Maryland Gov. Larry Hogan and other state officials said Friday they have identified coronavirus cases or clusters of cases in 60 different nursing home and senior living facilities and multiple correctional facilities across the state, as Carroll County health officials announced the sixth death at one Mount Airy facility alone.
They also warned again that the virus does not only affect the old or vulnerable: It has been found in people of all ages and backgrounds as it continues to sweep across Maryland, the nation and the world.
As of Friday, 416 coronavirus patients had been hospitalized in the state, with 43% — nearly 180 people — in intensive care, Hogan said.
“We now have widespread, community transmission," the Republican governor said. “This virus is everywhere and it is a threat to nearly everyone.”
To control the spread and protect residents in the hobbled economy, Hogan also expanded housing protections to homeowners and commercial and industrial renters, issuing an executive order that bars banks and other lenders from initiating foreclosure proceedings against mortgage holders, and preventing landlords from evicting commercial and industrial renters. Hogan previously halted evictions of residential renters.
The governor also put a halt during the current state of emergency to the repossession of cars and motor homes. And he said 70 banks, mortgage lenders and other financial lenders in the state have agreed to provide additional flexibility to those in debt.
The Republican governor made his comments in Annapolis Friday afternoon, after officials reported an 18% jump in the total number of confirmed coronavirus cases in the state from the day prior, to 2,758. There have been 42 deaths in Maryland.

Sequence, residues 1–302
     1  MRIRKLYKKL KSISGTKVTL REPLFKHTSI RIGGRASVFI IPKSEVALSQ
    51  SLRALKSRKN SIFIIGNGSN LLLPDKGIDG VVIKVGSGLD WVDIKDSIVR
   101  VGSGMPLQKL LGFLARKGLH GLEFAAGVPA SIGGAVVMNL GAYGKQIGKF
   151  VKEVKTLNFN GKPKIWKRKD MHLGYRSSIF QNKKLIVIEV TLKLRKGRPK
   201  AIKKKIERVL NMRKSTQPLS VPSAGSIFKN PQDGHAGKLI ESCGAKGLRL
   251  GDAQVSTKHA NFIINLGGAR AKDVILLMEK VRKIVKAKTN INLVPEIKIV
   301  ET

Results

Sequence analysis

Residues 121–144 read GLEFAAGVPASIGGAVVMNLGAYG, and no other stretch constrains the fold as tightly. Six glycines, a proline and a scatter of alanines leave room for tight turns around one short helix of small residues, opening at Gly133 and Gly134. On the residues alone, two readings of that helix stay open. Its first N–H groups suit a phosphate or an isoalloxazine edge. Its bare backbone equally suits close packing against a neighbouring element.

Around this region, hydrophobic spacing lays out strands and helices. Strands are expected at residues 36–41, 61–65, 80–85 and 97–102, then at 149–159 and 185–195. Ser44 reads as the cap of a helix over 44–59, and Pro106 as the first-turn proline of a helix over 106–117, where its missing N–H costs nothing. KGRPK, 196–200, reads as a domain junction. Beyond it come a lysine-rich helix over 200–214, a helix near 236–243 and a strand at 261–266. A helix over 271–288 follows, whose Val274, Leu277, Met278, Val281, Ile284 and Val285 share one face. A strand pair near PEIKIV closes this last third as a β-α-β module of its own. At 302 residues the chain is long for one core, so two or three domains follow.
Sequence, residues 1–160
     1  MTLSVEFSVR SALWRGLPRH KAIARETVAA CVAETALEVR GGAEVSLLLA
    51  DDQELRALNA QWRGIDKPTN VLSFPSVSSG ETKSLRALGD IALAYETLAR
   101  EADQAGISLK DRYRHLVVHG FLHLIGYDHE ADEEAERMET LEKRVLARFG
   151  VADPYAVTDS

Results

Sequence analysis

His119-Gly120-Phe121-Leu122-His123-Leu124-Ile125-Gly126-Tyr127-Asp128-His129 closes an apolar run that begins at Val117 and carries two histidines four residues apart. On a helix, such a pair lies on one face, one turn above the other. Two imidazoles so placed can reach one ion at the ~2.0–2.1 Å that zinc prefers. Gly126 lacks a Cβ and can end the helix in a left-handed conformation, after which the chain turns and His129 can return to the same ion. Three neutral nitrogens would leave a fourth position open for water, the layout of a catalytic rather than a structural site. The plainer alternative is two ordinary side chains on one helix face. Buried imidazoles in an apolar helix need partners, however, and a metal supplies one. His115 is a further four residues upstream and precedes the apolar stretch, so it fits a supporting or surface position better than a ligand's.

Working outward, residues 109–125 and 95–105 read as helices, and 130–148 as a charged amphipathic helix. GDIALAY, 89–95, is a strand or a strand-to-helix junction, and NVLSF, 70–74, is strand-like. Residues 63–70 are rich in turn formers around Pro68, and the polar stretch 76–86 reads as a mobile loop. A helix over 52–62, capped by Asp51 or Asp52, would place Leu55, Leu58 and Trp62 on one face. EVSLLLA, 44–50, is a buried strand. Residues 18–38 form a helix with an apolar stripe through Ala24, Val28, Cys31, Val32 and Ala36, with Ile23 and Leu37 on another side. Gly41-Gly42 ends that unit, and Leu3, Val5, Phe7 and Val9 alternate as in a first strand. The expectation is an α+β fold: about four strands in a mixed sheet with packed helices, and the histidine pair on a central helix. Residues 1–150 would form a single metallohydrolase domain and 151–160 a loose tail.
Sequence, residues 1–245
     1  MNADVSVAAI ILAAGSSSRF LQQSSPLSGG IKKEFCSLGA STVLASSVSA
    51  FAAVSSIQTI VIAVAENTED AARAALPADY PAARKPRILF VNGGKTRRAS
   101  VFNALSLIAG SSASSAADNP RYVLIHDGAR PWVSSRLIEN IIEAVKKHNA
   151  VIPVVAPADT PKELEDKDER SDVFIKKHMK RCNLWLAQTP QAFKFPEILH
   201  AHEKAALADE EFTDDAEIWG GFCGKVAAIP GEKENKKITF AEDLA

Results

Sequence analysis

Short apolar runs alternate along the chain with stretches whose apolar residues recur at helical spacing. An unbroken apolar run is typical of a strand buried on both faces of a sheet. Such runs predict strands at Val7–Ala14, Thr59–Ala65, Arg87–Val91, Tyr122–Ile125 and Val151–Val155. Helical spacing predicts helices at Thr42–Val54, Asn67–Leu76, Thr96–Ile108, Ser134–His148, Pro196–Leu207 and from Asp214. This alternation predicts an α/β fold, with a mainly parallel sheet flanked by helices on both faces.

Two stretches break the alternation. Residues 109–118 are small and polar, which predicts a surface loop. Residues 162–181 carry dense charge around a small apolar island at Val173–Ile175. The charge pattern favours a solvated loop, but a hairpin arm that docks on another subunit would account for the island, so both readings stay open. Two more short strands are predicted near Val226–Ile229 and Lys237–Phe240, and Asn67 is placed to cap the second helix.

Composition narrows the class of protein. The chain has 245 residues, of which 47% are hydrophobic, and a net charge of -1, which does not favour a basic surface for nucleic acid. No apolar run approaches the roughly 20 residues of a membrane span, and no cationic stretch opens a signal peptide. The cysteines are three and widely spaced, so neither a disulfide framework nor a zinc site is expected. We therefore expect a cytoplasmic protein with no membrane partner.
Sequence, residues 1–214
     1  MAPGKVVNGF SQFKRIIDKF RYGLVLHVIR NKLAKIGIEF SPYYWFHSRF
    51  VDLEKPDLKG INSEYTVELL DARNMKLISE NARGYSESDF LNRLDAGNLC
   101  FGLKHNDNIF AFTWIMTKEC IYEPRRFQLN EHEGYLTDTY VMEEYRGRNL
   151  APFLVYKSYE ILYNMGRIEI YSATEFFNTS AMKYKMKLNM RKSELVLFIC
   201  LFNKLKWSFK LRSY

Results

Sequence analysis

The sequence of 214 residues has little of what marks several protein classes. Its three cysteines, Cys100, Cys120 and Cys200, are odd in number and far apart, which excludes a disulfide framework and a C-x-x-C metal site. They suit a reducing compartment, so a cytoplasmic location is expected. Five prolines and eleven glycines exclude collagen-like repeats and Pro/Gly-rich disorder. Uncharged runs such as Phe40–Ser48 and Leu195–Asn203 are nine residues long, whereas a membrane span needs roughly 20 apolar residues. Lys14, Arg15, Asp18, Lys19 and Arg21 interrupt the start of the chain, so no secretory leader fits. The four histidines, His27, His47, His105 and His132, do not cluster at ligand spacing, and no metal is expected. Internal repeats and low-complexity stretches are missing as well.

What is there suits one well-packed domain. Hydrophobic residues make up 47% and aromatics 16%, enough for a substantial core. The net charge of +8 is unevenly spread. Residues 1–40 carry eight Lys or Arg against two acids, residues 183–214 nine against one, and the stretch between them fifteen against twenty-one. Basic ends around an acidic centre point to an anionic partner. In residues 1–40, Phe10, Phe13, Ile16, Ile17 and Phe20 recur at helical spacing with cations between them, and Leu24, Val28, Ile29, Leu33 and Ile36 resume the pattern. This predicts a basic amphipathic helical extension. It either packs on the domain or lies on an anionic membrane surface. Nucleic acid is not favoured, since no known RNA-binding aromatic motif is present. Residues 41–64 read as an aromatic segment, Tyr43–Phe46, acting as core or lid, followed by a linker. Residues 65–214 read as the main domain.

“I wish that I could tell you when we’re going to turn the corner," Hogan said. "We simply don’t know just how bad things are going to get, or exactly how long this is going to last.”
Hogan then quoted former British Prime Minister Winston Churchill, who presided over that country during World War II, as saying, “If you’re going through hell, keep going.”
“That is exactly what we are all going to have to do,” Hogan said.
Frances Phillips, the state’s deputy secretary for public health services, said nursing homes have been hit hard.
“We have outbreaks across the state now,” she said.
She noted the cluster of more than 90 cases among residents and staff at the Pleasant View Nursing Home in Mount Airy in Carroll County, but said multiple other homes have clusters of seven to 10 cases.
Carroll County officials announced Friday that a sixth Pleasant View resident had died, and six additional staff members had tested positive for the virus, bringing the total to 24. The sixth resident to die was a man in his 80s with underlying conditions, they said.
Phillips said there is “clear evidence” now that asymptomatic staff are helping the spread. She said the state is now ordering “universal masking” among staff, meaning all workers within nursing homes must wear masks.
Robert L. Green, Maryland secretary of public safety and correctional services, said they now have 17 cases of the coronavirus within the state’s network of jails and prisons, including three inmates, eight contractual employees, four corrections officers and two parole and probation personnel.